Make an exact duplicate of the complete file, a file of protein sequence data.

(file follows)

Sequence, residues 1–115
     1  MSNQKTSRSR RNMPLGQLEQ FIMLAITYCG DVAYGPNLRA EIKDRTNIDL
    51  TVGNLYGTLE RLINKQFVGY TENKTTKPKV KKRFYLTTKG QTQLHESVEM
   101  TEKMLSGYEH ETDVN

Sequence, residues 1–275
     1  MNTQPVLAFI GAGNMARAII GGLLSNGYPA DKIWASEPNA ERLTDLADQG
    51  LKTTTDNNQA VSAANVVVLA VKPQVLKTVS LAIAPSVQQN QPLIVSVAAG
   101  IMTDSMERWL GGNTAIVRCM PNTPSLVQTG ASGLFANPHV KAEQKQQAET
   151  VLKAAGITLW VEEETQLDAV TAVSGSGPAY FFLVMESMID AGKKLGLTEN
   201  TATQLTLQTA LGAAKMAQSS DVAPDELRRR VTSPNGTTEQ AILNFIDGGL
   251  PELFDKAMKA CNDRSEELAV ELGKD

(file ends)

Sequence, residues 1–115
     1  MSNQKTSRSR RNMPLGQLEQ FIMLAITYCG DVAYGPNLRA EIKDRTNIDL
    51  TVGNLYGTLE RLINKQFVGY TENKTTKPKV KKRFYLTTKG QTQLHESVEM
   101  TEKMLSGYEH ETDVN

Sequence, residues 1–275
     1  MNTQPVLAFI GAGNMARAII GGLLSNGYPA DKIWASEPNA ERLTDLADQG
    51  LKTTTDNNQA VSAANVVVLA VKPQVLKTVS LAIAPSVQQN QPLIVSVAAG
   101  IMTDSMERWL GGNTAIVRCM PNTPSLVQTG ASGLFANPHV KAEQKQQAET
   151  VLKAAGITLW VEEETQLDAV TAVSGSGPAY FFLVMESMID AGKKLGLTEN
   201  TATQLTLQTA LGAAKMAQSS DVAPDELRRR VTSPNGTTEQ AILNFIDGGL
   251  PELFDKAMKA CNDRSEELAV ELGKD